Weimaraner – Photos, Characteristics, Information – Dog Breeds - Royal Canin
Home > Weimaraner

Print aA+ Aa-

Weimaraner

Over a century of pointing

Breed
FCI-7
Pointing Dogs
FCI AKC CKC KC
breed_picture

Original Name : Weimaraner

Type : Braccoid

Other Names : Weimar

Male size : 23¼-27½ inches

Male weight : 66-88 lbs

Female size : 22½-25½ inches

Female weight : 55-77 lbs

Degree of grooming :

Countries of origin : Germany

breed_picture

Weimaraners are versatile, docile dogs with a well balanced character and a real passion for hunting, able to take on pests and game. They display great perseverance, working very systematically, without being excessively lively. Their remarkable sense of smell is well known. They are also good guards, although they will not show aggression. Confident pointing and working in water, they are very good at working after the shot.

Head+

Skull in harmony with the size of the dog and the dimensions of the face.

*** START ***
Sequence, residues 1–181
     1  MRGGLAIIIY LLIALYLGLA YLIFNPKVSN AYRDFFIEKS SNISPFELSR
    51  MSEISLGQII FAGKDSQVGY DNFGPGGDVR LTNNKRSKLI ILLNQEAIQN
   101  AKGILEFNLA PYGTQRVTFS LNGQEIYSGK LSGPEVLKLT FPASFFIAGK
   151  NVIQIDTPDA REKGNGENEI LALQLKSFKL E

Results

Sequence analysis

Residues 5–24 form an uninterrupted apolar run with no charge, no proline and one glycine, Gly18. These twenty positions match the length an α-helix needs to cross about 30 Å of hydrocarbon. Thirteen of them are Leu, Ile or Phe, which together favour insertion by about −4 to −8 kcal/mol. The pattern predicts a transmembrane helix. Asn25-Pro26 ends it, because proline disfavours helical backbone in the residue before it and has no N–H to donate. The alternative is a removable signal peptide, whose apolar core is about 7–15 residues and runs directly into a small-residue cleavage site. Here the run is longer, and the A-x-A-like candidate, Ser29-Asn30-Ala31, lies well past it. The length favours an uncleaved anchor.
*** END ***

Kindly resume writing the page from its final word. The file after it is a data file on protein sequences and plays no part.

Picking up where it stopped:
lupoid

Body+

Well defined withers, firm, muscular back without a dip, powerful chest that is not too broad.

lupoid

Coat+

Silver, roe, mouse gray and all intermediate shades.

lupoid

Ears+

Broad and fairly long, reaching approximately to the corner of the mouth.

lupoid

Tail+

Set a little low, below the topline, lower than other comparable breeds, powerful and well coated.

lupoid

Hair+

Two varieties: shorthaired, with thick, very dense, smooth, short topcoat that is nevertheless longer and denser than that of most comparable breeds; longhaired, with soft, long topcoat, with or without undercoat.

lupoid

Stud book registration was introduced around 1890 in a move towards planned, controlled breeding. The longhaired variety was added to the existing shorthaired type at the turn of the 20th century, but it has never been widespread. Since those initial registrations around 120 years ago, cross-breeding with other dogs, especially pointers, have been avoided, which makes Weimaraners the oldest of the German pointing breeds.These medium to large hunting dogs are adapted to the work of a pointer: dry, very muscular but pleasingly built, with clear physical distinctions between males and females.

Did you know ?

Despite relatively obscure origins, one thing we do know about Weimaraners is that they were bred selectively by the Duke of Weimar, who employed them to hunt and gave them their name.

PHOTOS

  • facebook
  • youtube